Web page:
Eagles - Liberty, NO MOTTO
1840  $10PCGS XF-45 Crusty Original CAC$ 1955
1847   $10NGC XF-45 835
1847 O  $10NGC VF-35 1095
1848-O  $10PCGS XF-40 3105
1849   $10NGC AU-55 1235
1850 Large Date $10PCGS Fine-12 Call
1850 Large Date $10PCGS VF-20 Call
1850 Large Date $10PCGS XF-40 CU retail: 975Call
1850 SMALL DATE Small Date  $10NGC XF-45 1350
1851 O  $10NGC AU-55 1725
1853  $10PCGS AU-53 975
1856 O  $10NGC AU-50 Cheap o-mint4170
1859 S  $10NGC AU-50 40 to 60 known16100

Eagles - Liberty, MOTTO
1866 MOTTO  $10NGC AU-58 $ 18975
1869  $10PCGS AU-58 60 to 75 known24150
1874  $10PCGS MS-61 1780
1883  $10PCGS MS-63 1095
1892-O  $10PCGS MS-61 1380
1892-O  $10PCGS MS-62 1895
1901  $10PCGS MS-64 1410
1904  $10PCGS MS-63 Grey 1k, CU 17001065
1907 D  $10NGC MS-63 3275

Eagles - Indian Head, NO MOTTO
1907  $10PCGS MS-65 $ 6180

Eagles - Indian Head, MOTTO
1910 S  $10NGC AU-53 $ Call


Christian Gobrecht utilizes his Coronet design in the first issue of this denomination since 1804. With Half Eagles serving the needs of everyday commerce and Double Eagles the preferred denomination for gold earmarked for interbank and international payments, there existed little demand for Eagles during this period. Hence, most issues are scarce, many prohibitively rare.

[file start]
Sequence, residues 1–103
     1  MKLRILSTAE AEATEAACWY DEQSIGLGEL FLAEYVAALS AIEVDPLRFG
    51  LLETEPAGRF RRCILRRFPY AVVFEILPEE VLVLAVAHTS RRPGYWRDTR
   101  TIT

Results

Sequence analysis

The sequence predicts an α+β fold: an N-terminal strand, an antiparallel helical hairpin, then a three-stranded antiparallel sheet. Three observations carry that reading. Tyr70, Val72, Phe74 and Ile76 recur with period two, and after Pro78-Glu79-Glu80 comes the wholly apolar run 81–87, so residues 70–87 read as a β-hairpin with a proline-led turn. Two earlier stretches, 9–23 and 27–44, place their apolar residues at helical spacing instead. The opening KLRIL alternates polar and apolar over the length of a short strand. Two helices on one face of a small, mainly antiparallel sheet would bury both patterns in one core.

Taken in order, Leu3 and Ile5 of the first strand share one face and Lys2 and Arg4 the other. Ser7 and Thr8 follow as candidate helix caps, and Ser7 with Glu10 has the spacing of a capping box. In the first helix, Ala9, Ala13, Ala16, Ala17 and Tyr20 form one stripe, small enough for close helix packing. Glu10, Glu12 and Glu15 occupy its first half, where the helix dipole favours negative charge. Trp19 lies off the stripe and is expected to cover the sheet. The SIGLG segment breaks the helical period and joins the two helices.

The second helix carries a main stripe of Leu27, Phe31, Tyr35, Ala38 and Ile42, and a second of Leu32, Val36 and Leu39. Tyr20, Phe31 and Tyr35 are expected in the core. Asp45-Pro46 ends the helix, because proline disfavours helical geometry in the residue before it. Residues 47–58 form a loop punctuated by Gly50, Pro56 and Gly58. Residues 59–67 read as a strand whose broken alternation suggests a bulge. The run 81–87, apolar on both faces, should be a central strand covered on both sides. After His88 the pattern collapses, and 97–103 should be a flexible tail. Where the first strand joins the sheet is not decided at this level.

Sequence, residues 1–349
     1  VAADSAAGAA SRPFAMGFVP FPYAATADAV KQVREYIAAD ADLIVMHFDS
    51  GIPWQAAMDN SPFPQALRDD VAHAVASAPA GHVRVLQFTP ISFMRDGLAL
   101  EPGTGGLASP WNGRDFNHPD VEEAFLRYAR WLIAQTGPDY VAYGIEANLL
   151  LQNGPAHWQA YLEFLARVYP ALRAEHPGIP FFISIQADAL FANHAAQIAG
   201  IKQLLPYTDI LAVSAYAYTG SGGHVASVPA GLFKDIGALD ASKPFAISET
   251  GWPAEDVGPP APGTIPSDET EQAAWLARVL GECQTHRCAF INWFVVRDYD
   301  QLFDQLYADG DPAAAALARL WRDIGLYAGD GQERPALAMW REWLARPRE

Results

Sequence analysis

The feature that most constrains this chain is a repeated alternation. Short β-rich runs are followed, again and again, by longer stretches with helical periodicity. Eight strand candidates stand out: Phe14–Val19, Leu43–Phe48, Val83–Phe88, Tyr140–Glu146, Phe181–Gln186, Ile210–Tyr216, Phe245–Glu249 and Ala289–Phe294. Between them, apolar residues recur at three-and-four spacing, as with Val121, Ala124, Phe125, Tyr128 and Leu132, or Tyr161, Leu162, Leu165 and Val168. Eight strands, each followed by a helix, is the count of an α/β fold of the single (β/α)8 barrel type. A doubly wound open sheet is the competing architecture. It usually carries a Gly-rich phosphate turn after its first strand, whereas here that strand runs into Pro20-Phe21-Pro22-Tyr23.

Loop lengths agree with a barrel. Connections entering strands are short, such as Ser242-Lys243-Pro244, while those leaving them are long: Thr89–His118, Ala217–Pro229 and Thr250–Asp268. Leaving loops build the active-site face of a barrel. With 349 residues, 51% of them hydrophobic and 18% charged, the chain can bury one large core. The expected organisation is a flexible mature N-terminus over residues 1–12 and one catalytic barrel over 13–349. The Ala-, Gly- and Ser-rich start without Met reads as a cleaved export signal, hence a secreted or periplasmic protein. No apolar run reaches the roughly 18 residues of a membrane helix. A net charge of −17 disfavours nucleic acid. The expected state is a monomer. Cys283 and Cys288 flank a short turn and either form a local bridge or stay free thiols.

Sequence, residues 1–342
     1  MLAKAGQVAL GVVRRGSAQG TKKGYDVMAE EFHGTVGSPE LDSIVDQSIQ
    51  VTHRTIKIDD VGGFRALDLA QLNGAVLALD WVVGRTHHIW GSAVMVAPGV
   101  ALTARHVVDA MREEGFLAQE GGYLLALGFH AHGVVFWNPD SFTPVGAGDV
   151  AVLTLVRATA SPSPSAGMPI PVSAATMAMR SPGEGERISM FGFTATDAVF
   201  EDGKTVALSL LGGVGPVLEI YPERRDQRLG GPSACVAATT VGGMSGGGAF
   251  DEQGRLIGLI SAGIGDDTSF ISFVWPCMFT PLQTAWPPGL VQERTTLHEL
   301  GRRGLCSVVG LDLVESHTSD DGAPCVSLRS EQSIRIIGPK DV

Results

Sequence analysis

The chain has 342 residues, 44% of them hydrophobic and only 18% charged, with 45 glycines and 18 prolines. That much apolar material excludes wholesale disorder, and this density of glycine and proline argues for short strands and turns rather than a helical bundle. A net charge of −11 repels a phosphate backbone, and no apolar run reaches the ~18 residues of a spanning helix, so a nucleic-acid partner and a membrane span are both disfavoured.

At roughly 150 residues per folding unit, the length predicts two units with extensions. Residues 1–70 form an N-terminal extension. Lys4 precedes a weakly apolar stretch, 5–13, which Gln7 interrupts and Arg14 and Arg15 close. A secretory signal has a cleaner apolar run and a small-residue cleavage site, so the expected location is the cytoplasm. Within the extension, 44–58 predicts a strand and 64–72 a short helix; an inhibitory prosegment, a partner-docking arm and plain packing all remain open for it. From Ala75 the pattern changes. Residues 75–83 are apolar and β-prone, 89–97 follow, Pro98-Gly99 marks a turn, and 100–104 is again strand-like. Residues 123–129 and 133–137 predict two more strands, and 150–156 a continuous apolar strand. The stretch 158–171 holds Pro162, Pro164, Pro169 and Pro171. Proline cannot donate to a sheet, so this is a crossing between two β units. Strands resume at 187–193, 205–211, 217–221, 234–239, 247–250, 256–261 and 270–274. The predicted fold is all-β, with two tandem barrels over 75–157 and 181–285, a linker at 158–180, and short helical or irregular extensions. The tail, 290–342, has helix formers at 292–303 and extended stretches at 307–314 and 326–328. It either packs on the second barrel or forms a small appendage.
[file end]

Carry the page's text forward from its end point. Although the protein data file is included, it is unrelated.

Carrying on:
The motto IN GOD WE TRUST was added to the reverse as directed by the Mint Act of March 3, 1865. With Motto Coronet Eagles are one of the more available gold type coins, and often priced at a relatively small premium over their gold content.

While Charles Barber's adaptation of Augustus Saint-Gaudens' design pales in comparison to the majestic "Wired Edge" and "Rolled Edge" issues, $10 Indians are still considered one of our most beautiful coins.

President Roosevelt believed that placing the name of God on our coinage was blasphemic as coins bearing the name of God could possibly be used in less than moral activities. Nevertheless, Congress insisted that the motto IN GOD WE TRUST be added in accordance with the Mint Act of March 3, 1865.